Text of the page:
By checking out the literature references you are able to see on which insights the book is based. Do you recognise any references: author names, journals etc.?
The reference list can help you find new views and insights for your own research.
Date

Define the relevance based on actuality of your topic
Does your topic require current information, or will older sources work as well? Check the publication dates!
Take notes!

You need to be able to find the book again, for example when you need it for citations. So write down reference information.
Annotate your selection. What is interesting, how it can contribute to your work etc. You need to be able to find the publication again, for example when you need it for citations. So write down reference information.
For more information about storing, go to: https://tulib.tudelft.nl/managing-your-information/reference-management/
For more information about referencing, go to: https://tulib.tudelft.nl/writing-publishing/how-to-cite/
What Why How to select and prioritize
Title

Get a first broad sense of the subject and the relevance
A proper title (incl. subtitle) is not too long and indicates where the article is about.
Scan the title for relevant keywords that you have determined in advance.
This can help to prioritize the titles on your reading list
Tip: a title does not always cover the content of an article!
Author and affiliation

Recognise the author based on reputation and recognition (authority)
To determine the authority of an author in a certain field try to answer these questions:
Do I know the author? Is she/he an authority, a recognized author in the field?
Or if you don’t now :
Did you find several articles about the same topic written by this author? In that case he/she probably is an expert on this topic.
Look also at the affiliation. The affiliation gives you additional information, for instance does the author work at a (in the field) well-known university or institute.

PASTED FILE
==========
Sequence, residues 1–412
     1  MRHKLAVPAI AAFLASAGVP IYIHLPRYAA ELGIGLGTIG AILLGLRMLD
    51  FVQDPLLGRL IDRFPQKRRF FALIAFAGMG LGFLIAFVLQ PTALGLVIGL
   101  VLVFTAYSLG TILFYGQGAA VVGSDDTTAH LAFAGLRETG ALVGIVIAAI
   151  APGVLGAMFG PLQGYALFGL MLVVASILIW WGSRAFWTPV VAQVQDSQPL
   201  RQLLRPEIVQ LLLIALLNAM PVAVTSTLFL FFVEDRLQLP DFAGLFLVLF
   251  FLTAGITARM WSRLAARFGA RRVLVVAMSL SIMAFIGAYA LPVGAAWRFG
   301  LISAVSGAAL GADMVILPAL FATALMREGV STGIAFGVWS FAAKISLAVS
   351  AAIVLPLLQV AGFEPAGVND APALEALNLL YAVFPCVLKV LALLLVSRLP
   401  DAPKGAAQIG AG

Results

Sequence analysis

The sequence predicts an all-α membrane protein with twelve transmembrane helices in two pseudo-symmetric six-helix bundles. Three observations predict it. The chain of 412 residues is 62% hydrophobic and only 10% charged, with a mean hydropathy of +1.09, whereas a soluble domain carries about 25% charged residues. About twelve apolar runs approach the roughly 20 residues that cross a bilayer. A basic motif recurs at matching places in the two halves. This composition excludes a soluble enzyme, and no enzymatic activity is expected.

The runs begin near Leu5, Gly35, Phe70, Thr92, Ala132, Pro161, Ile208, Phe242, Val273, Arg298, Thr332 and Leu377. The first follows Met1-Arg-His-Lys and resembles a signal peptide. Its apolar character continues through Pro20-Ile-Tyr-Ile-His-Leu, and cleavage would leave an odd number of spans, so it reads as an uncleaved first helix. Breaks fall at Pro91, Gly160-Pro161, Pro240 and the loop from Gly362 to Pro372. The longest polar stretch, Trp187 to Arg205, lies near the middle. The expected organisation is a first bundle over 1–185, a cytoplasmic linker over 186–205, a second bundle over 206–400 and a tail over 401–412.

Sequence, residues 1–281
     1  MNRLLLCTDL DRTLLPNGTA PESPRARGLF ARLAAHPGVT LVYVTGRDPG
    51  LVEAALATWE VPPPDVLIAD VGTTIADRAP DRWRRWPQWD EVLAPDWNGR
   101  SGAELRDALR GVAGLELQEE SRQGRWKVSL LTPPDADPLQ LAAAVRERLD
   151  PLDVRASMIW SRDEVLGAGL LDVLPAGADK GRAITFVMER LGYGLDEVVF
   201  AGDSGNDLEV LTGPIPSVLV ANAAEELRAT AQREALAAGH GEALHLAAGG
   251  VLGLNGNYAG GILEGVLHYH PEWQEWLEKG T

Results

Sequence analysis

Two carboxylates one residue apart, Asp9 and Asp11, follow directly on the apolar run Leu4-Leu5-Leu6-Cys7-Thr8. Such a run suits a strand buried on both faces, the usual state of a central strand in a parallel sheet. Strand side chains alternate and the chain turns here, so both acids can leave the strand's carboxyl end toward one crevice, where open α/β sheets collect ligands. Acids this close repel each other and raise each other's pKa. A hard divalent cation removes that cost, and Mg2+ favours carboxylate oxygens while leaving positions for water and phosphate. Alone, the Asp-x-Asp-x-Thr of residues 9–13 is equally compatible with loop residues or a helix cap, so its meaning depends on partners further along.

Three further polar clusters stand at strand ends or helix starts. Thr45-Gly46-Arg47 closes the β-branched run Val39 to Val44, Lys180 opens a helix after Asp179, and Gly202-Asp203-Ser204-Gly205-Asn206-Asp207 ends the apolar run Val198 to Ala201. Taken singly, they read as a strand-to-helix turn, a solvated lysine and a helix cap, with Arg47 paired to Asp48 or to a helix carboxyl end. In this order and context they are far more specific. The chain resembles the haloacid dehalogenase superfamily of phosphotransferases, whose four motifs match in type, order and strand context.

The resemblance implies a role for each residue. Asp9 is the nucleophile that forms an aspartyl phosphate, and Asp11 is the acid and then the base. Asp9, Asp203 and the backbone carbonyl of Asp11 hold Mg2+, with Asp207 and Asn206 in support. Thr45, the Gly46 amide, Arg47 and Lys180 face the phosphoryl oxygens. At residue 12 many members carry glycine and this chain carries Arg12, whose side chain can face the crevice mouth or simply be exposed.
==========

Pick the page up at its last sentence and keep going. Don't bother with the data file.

Which journals/proceedings

Authority: importance of the journal/proceedings in the field
It is important to know in which journal or proceedings an article is published. Each research area has its most important (trusted) journals or proceedings.
Do you know about the reputation of the journal or the conference in your field?
Summary/abstract

Look at the relationship and reliance to your own research
An abstract contains the essence of the research described.
Every part of the publication is reflected. Check the conclusions also. On this basis decide if the source is useful for you.
The context of the way the topic is treated must be (more or less) similar to the context of your research topic. Are the aspects of the topic mostly the same as in your research topic?
Keywords

Define the main topics of the publication
Keywords describe the main topics of a publication.
Are the keywords close and relevant to your research topic?
Introduction/preface

Shows what to expect
An introduction is intended to convey the writer’s idea’s and the background of his research to the reader. Does this information match your expectations?
Conclusion

Define a relationship to your own research
Read the conclusions at the end of each chapter and the final conclusion of the publication.
In the conclusions you will find the answer to the research question of the publication. Is this answer relevant for your topic?
Chapters/paragraphs

How can you use this information in your own research?
Look at the titles of chapters and paragraphs. Read the beginning and the end (conclusions) of each chapter to get a detailed picture of the contents and completeness of the publication.
Is the publication suitable to build on your own research?
Reference list

Check for new insights and/or similarities with your selection
By checking out the literature references you are able to see on which insights the publication is based. Do you recognise any references: author names, journals etc.?
The reference list can help you find new views and insights for your own research.
Date

Define the relevance based on actuality of your topic
Does your topic require current information, or will older sources work as well? Check the publication dates!
Take notes!

You need to be able to find the publication again, for example when you need it for citations. So write down reference information